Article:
He sits in his office chair and holds a figurine of a man in his right hand and draws with his left. 

CARIELLO: See he moves and stuff.

He stretches out the model’s arms and starts to sketch. 

AUDIO: [SOUND OF STYLUS]

CARIELLO: And I can take pictures or just pose them in a way that I know how to draw them. 

But sometimes knowing what to draw is more difficult than knowing how to draw it. Figuring out how to convert the words of Scriptures into pictures that would make those words clear was a challenge. 

CARIELLO: Whenever I don’t know what to do, I just asked the Lord, you know, what would you have me do here? And sometimes  I just open a good book from art, and start flipping the pages, and my juices start, you know, pumping again and oh, I know.

Cariello creates a fresh page on his drawing pad. He starts sketching the fight between David and Goliath. 

CARIELLO: So right off the bat, you see a big foot of a giant. And you see that David is much smaller. You want to convey in a story that we are dealing with a small guy fighting a huge guy, and we want to show that in a drawing. 

After he finished drawing the Action Bible, Carellio worked with artists to color the comics. Sometimes people have criticized the way characters look. For instance, Jesus has brown hair, brown eyes and fairer skin. 

Cariello says while it’s important to portray historically accurate characters, getting caught up too much in physical attributes misses the point. 

CARIELLO: I’m not saying that the way I drew him is exactly the way he is. I’m saying that God uses our gifts when we present it in a way that we are glorifying him. So he anoints it and uses [it] regardless of us.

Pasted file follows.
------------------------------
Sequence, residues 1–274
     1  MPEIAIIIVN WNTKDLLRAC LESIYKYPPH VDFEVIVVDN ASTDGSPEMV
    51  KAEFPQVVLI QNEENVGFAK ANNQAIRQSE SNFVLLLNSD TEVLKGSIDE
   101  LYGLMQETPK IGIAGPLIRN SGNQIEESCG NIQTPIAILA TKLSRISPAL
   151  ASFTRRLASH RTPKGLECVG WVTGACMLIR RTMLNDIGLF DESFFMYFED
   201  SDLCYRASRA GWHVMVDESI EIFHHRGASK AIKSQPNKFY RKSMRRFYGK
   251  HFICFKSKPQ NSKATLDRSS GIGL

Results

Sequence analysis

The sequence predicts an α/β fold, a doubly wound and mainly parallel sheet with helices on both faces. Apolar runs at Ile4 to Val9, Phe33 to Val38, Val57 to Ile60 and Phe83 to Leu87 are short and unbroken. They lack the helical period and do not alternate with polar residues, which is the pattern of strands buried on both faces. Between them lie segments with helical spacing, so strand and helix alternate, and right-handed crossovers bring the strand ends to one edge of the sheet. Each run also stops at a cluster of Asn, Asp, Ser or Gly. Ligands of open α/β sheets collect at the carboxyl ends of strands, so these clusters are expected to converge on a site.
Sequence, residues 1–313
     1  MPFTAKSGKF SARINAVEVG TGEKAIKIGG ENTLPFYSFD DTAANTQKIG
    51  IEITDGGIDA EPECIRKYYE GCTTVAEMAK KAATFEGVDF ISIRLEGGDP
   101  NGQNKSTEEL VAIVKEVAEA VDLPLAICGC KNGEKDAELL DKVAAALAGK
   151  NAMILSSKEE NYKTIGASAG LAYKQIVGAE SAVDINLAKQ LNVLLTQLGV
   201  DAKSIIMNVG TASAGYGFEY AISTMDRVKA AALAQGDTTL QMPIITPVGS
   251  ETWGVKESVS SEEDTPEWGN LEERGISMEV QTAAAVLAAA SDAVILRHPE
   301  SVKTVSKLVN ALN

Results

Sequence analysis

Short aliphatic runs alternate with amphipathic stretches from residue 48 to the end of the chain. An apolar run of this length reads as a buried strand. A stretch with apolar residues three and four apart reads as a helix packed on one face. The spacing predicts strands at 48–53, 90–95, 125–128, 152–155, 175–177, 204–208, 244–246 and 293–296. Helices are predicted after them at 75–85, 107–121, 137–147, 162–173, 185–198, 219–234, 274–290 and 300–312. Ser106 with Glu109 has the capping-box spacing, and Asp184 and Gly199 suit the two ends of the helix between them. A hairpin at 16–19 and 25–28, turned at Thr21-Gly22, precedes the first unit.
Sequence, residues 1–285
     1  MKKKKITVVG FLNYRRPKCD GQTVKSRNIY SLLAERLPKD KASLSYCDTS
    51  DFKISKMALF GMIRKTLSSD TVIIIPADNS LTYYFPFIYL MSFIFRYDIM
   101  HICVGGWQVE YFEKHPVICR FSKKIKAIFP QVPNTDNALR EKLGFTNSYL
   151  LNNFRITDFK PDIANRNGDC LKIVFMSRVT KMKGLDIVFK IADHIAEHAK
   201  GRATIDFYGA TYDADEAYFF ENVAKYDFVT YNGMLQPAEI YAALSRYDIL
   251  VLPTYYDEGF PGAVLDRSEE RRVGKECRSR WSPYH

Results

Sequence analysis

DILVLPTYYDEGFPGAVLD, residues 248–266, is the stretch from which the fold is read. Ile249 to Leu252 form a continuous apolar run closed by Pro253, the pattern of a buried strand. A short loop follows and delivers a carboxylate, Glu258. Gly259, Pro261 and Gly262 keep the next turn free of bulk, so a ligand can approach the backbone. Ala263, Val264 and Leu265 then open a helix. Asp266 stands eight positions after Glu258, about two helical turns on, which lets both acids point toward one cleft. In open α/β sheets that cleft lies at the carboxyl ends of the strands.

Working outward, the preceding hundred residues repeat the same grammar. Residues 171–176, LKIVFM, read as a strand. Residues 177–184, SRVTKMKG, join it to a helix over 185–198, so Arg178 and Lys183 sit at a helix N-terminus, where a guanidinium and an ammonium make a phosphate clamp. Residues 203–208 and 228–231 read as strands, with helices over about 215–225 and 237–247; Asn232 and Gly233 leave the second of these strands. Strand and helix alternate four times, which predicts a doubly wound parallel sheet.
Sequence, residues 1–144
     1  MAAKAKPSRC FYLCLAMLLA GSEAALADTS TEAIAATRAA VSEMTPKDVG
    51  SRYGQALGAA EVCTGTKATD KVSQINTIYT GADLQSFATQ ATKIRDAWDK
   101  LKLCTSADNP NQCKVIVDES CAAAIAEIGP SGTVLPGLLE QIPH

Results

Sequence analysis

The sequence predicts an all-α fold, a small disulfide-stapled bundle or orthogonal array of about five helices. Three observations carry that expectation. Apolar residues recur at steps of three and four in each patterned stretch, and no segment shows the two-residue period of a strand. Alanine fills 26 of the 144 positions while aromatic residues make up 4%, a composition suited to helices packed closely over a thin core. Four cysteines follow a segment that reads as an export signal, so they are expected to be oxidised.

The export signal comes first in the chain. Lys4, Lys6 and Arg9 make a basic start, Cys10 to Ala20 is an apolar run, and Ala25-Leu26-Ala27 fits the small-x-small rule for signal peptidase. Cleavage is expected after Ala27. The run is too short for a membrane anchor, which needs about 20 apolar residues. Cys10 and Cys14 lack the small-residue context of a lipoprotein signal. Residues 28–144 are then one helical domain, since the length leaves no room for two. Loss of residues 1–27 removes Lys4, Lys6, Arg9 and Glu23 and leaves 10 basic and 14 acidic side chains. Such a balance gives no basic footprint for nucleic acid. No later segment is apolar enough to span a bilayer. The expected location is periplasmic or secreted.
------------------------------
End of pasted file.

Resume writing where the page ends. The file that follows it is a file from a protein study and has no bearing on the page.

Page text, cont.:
This month, the Action Bible publisher is releasing a 10th anniversary edition. 

Sergio Cariello says he believes the Action Bible continues to attract an audience because many people are visual learners. They also love a good Superhero story. And it doesn’t get better than the Bible. 

CARIELLO: It was a little bit different than drawing Batman and Captain America. Because all of those superheroes are for entertaining, but the Bible is not only for entertaining, but it’s for life changing.

Reporting for WORLD, I’m Sarah Schweinsberg in Holiday, Florida.


(Photo/Sarah Schweinsberg) Sergio Cariello

WORLD Radio transcripts are created on a rush deadline. This text may not be in its final form and may be updated or revised in the future. Accuracy and availability may vary. The authoritative record of WORLD Radio programming is the audio record.

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One comment on “Drawing the Bible’s super heroes

  1. Judith Jamison says:

    I was somewhat skeptical about the Action Bible until I learned that Voice of the Martyrs uses it in outreach to children and their semi- or illiterate parents in places like Colombia. I have now purchased a copy and used it extensively with my five year old grandson, who spent two days every week with my husband and myself during the COVID-19 shutdown, as his parents were considered essential employees and his preschool was closed. It was such a blessing to share with him, and we were also careful to explain that it doesn’t contain every single word of the Scripture, but is a faithful retelling. For helping introduce God’s Book to a very energetic little boy, it’s great.I must add that his parents are believers and have been faithful to teach him about Jesus and were attending church regularly until the shutdown, so it wasn’t his first exposure to Christian doctrine and narrative, but it definitely engaged his attention. Now that he is back in preschool, I have given it to his family to enjoy, and when I took care of him on a recent Saturday he asked to read it again. In this day and age when our traditional Judeo-Christian culture is no longer dominant and our children don’t get the exposure that was once mainstream, I think the Action Bible is a valuable tool.